. We point out two mechanisms that could explain displacements of the western front and expansion of the mesotrophic water of the far western Pacific. In the first one, local physical processes drive nu-trient entrainment to the surface layer. For instance, the cyclonic pattern of the wind associated with the ascending thermocline at the 156° E, 5° N TAO/TRITON mooring suggests that Ek-man pumping was at work in June 2002. As a result, nutrient-rich waters were brought toward the lighted layer making photosynthesis possible. The second likely mechanism is advection of nutrient-and phytoplankton-rich waters from the west by equatorial eastward surface currents associated with westerly winds. One source of such biologically-rich waters is the upwelling north of country-regionNew Guinea that develops when westerly winds (northwest monsoon, westerly wind burst) are blowing. An illustration is given with the December 2001 situation when relatively cool and chlorophyll-rich waters were upwelled near the coast, spread equator-ward, and expanded eastward in the 0° -2° S latitudinal band with a pattern consistent with the surface circulation pattern. We show that the contribution of zonal advection explained most chlorophyll changes along the equator during that period. Recurrent westerly wind events during El Niño may contribute to maintain the often reported positive anomaly of chlorophyll n in the warm pool and shape the zonal displacement of the western edge of the very oligotrophic strip. Keywords: ocean colour, western Pacific warm pool, multi-satellites

  17. Features of wind field over the sea surface in the coastal area

    Science.gov (United States)

    Monzikova, A. K.; Kudryavtsev, V. N.; Myasoedov, A. G.; Chapron, B.; Zilitinkevich, S. S.

    2017-01-01

    In this paper we analyze SAR wind field features, in particular the effects of wind shadowing. These effects represent the dynamics of the internal atmospheric boundary layer, which is formed due to the transition of the air flow arriving from the rough land surface to the "smooth" water surface. In the wind-shadowed area, the flow accelerates, and a surface wind stress increases with fetch. The width of the shadow depends not only on the wind speed and atmospheric boundary layer stratification, but also on geographic features such as windflow multiple transformations over the complex surface land-Lake Chudskoe-land-Gulf of Finland. Measurements showed that, in the area of wind acceleration, the surface stress normalized by an equilibrium value (far from the coast) is a universal function of dimensionless fetch Xf/G. Surface wind stress reaches an equilibrium value at Xf/G ≈ 0.4, which is the scale of the planetary-boundary-layer relaxation.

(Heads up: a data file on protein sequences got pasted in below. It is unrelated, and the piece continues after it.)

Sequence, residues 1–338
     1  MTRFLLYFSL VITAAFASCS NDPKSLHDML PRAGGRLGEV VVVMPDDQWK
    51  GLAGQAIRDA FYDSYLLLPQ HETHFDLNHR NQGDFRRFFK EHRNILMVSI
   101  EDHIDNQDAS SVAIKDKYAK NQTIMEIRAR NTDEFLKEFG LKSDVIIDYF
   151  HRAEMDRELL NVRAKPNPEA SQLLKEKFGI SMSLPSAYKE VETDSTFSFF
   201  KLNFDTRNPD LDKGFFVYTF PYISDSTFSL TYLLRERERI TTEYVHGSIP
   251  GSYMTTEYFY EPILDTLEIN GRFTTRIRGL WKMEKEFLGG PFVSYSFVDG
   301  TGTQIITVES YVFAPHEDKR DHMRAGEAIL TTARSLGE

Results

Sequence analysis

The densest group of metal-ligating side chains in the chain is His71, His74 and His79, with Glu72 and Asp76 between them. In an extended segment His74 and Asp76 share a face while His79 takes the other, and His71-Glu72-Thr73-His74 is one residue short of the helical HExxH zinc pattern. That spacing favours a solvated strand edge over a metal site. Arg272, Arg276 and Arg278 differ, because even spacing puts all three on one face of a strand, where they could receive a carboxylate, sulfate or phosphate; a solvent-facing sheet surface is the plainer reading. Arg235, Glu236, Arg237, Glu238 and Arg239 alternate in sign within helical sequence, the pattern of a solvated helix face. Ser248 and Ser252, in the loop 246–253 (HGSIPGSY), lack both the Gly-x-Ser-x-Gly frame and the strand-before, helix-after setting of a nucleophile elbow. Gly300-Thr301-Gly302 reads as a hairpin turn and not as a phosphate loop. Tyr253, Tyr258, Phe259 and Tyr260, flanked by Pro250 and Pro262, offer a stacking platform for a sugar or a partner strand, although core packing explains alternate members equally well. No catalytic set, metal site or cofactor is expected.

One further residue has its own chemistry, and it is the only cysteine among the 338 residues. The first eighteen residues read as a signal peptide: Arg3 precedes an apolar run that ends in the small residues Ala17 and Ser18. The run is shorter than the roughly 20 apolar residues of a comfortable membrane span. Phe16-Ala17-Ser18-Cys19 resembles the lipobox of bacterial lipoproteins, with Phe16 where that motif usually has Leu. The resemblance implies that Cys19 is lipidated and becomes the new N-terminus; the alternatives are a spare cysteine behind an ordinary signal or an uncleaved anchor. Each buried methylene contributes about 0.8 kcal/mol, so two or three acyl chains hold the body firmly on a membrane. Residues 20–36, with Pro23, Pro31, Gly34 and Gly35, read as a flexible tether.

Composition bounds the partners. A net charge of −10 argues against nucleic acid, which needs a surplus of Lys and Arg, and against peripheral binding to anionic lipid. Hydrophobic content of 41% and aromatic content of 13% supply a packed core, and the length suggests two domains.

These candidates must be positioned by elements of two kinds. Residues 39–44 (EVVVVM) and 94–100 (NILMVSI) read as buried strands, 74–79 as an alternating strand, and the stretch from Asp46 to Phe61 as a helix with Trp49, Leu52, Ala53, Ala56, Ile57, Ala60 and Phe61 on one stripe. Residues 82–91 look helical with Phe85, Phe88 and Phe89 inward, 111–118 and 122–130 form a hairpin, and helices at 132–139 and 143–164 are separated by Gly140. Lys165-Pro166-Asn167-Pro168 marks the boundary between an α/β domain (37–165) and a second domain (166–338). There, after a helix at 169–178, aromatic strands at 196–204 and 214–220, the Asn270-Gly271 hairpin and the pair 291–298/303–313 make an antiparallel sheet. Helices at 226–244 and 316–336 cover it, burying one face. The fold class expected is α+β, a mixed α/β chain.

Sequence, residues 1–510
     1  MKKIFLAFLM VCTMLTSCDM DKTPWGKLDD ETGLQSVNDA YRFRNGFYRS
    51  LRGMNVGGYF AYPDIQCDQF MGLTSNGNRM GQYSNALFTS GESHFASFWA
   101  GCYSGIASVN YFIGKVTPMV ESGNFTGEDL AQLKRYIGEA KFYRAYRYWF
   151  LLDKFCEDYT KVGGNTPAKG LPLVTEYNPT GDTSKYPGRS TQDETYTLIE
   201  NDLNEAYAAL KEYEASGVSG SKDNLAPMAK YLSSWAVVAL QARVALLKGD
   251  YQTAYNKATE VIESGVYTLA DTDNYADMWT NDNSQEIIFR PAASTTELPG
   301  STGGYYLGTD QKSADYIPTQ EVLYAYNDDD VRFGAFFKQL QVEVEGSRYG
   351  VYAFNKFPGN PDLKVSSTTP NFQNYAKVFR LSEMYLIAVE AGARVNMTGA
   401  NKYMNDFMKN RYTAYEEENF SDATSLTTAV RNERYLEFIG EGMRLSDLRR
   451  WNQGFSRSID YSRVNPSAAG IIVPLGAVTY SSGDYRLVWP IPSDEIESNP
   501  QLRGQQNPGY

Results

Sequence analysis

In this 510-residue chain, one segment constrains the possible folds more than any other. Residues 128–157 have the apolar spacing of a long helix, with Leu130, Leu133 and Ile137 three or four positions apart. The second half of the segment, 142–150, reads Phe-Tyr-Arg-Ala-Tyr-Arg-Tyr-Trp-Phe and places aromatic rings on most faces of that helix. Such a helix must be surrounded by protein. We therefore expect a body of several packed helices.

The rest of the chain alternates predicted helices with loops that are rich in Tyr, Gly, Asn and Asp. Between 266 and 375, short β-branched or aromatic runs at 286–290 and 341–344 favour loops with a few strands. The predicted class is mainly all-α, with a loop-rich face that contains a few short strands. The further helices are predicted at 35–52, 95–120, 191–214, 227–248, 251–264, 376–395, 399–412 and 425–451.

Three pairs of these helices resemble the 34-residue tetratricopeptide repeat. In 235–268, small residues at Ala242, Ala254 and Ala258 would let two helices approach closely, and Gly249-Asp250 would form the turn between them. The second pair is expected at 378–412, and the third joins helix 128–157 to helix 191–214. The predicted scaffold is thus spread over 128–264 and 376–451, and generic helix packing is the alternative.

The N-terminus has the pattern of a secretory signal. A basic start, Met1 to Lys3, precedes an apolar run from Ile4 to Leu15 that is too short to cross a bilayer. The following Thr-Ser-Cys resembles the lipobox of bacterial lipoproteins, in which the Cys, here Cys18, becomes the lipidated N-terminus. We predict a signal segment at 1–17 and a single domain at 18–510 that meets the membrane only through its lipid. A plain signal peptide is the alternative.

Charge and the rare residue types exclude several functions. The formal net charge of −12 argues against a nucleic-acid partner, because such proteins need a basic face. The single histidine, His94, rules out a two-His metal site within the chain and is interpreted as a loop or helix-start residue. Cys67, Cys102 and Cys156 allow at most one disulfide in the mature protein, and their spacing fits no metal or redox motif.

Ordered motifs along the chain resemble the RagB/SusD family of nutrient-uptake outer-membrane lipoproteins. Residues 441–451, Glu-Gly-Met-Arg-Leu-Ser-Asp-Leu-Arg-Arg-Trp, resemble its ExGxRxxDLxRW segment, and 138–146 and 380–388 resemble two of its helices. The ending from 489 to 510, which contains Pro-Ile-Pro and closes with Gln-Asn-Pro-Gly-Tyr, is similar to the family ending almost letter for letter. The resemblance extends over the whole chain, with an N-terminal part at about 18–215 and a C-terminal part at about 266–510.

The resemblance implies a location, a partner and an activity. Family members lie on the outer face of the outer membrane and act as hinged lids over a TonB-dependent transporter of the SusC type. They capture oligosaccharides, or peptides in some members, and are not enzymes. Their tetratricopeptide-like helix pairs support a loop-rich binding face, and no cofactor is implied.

18. Space Weathering of the Lunar Surface by Solar Wind Particles

    Science.gov (United States)

    Kim, Sungsoo S.; Sim, Chaekyung

    2017-08-01

    The lunar regolith is space-weathered to a different degree in response to the different fluxes of incident solar wind particles and micrometeoroids. Crater walls, among other slating surfaces, are good tracers of the space-weathering process because they mature differently depending on the varying incident angles of weathering agents. We divide a crater wall into four quadrants (north, south, east, and west) and analyze the distribution of 950-nm/750-nm reflectance-ratio and 750-nm reflectance values in each wall quadrant, using the topography-corrected images by Multispectral Imager (MI) onboard SELENE (Kaguya). For thousands of impact craters across the Moon, we interpret the spectral distributions in the four wall quadrants in terms of the space weathering by solar wind particles and micrometeoroids and of gardening by meteroids. We take into account the solar-wind shielding by the Earth’s magnetotail to correctly assess the different spectral behaviors between east- and west-facing walls of the craters in the near-side of the Moon.

  19. Measurements of wind friction speeds over lava surfaces and assessment of sediment transport

    Science.gov (United States)

    Greeley, Ronald; Iversen, James D.

    1987-01-01

    Wind velocity profiles were obtained over alluvial plains, lava flows, and a cinder cone in the Mojave Desert to determine the wind shear and the potential for particle transport. It was found that aerodynamic roughness for winds increases nearly a factor of 5 as flow crosses from the alluvium to the lava surface, resulting in wind shear that is 21 percent greater. Thus, wind erosion and sand flux may be substantially enhanced over the lava field. Moreover, wind flow turbulence is enhanced in the wake of the cinder cone, which also increases erosion and sediment transportation by the wind.

  20. DISTRIBUTED EXTERNAL SURFACE HARDENING OF CAR DESIGN BY WINDING

    Directory of Open Access Journals (Sweden)

    O. V. Fomin

    2017-04-01